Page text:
A. 
All tri-stage colors are indicated in the color description and also in the price.

Q. What is meant by compatibility?
A. ColorRite has extensive research and development time involved in producing our product line. Every color is made of a urethane basecoat/clearcoat application using the latest in paint technology. Therefore it is imperative to use only ColorRite products together to create the highest quality results possible. Use of other brand products can result in dull backs, adhesion loss, wrinkling, or poor surface conditions.

Q. My body shop has clearcoat and reducer, why do I need yours?
A. This question is directly related to the above compatibility question. If you use the wrong products, there is an excellent chance you will have problems. These problems may occur immediately or worse, down the road a couple months. It's not uncommon for incompatible products to look like they are working correctly, but result in crazing or cracking in a few months time.

ColorRite has specifically developed a clear coat that is high in solids to obtain the best possible finish while achieving unmatched durability. Our clear is competitively priced also. There is no substantial savings to using another brand clear when the right product is available and affordable.

The same holds true for our reducer also.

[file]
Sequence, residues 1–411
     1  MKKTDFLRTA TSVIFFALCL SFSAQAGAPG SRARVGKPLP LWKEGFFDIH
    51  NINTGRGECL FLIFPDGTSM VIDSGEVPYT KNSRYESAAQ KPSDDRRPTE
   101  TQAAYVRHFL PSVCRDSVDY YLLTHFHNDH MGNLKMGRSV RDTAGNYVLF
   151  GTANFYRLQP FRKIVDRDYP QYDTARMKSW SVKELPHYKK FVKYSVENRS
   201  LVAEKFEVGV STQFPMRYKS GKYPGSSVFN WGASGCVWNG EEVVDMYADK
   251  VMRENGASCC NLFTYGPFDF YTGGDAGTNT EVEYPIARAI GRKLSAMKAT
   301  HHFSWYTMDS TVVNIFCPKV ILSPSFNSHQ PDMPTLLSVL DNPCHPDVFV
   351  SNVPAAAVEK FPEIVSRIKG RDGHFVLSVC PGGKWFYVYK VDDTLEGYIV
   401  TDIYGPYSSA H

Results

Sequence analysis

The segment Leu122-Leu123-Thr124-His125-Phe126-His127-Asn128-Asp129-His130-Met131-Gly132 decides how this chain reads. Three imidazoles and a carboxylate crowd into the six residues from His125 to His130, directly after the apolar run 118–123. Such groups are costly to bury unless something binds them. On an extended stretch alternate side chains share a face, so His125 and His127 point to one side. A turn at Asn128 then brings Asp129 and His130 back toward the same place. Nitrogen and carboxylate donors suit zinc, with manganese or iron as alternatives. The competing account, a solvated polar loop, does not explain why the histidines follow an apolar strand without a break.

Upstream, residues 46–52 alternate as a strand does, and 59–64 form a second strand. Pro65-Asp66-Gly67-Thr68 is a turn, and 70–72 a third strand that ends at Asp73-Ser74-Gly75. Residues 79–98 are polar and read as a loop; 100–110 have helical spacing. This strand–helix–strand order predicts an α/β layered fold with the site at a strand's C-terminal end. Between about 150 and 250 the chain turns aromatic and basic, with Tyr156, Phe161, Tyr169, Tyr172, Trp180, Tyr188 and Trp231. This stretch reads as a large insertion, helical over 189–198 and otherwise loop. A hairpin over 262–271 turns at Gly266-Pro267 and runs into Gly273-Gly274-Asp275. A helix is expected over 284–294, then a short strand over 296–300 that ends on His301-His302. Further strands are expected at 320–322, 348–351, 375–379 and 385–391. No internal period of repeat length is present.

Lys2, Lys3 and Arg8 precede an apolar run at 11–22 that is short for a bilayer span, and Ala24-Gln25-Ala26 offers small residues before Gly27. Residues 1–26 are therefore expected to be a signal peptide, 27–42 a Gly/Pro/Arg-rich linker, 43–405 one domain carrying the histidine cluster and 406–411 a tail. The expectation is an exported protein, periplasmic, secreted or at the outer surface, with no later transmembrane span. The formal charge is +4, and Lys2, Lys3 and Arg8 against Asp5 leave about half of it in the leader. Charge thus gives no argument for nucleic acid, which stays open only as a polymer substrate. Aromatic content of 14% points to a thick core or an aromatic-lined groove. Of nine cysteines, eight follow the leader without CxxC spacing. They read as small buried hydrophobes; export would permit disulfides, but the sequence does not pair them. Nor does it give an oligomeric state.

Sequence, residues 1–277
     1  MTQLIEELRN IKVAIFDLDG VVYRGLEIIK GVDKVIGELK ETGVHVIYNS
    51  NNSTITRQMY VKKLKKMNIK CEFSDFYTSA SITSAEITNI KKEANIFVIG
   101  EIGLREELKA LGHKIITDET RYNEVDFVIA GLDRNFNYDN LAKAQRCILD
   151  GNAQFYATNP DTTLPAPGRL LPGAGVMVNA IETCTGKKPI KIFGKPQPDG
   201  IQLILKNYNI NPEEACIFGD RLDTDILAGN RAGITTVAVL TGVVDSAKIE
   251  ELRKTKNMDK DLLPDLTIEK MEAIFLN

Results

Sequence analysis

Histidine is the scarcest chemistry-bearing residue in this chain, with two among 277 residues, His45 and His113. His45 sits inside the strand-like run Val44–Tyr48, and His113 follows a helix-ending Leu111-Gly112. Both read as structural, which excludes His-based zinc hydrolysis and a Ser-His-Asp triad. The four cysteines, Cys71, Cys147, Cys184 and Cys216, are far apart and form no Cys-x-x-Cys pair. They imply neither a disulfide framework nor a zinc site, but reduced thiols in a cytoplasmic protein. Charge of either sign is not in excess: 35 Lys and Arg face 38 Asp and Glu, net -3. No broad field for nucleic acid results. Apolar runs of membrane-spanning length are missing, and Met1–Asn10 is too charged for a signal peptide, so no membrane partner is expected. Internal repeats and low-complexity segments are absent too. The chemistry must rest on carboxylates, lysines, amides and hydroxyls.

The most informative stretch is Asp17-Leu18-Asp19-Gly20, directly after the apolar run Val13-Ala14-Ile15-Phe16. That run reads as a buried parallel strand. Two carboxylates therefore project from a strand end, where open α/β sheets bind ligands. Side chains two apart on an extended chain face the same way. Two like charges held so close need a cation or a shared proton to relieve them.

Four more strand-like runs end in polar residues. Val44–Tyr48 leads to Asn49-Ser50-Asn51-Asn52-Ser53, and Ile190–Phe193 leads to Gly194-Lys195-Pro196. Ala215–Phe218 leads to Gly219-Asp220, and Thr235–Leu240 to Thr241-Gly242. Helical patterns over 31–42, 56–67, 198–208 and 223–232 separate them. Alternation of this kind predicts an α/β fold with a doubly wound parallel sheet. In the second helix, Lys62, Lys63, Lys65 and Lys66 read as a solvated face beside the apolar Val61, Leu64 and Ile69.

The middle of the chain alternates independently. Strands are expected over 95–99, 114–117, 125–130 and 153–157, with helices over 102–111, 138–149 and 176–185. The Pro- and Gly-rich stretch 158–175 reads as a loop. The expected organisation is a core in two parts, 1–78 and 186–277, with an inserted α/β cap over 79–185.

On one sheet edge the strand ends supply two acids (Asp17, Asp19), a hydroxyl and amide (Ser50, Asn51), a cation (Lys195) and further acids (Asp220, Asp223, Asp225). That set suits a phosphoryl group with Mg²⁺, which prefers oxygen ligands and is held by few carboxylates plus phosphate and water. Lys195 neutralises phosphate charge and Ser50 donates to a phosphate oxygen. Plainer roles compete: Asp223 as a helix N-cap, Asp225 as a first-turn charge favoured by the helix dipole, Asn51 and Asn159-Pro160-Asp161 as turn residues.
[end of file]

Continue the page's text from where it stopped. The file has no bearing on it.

Q. What are reducer/reduction ratios?
A. The reducer or reduction ratio is simply the amount of reducer that is used with the amount of paint. You need reducer to "thin" the paint so it can be sprayed through a gun. The correct ratio is normally around 1:1; one part paint to one part reducer. However, some colors are thicker than others and require a little more reducer. The maximum reduction would be about 1:1 1/3; one part paint to 1 1/3 part reducer.

The opposite holds true also. Some colors such as candy colors are very thin and require less reducer. The minimum reduction ratio would be 1:3/4; one part paint to three quarters part reducer.

This is just a basic guideline. Actual reduction ratios should be determined during the sprayout.

Q. Can I sand between color coats?
A. NO! Do not sand between color coats. The result will be disastrous at best. The paint actually bonds with the clearcoat when it is drying. This bond is what makes the paint cure. If sanding is done between coats, the clearcoat will not bond correctly and the paintjob will be effectively ruined.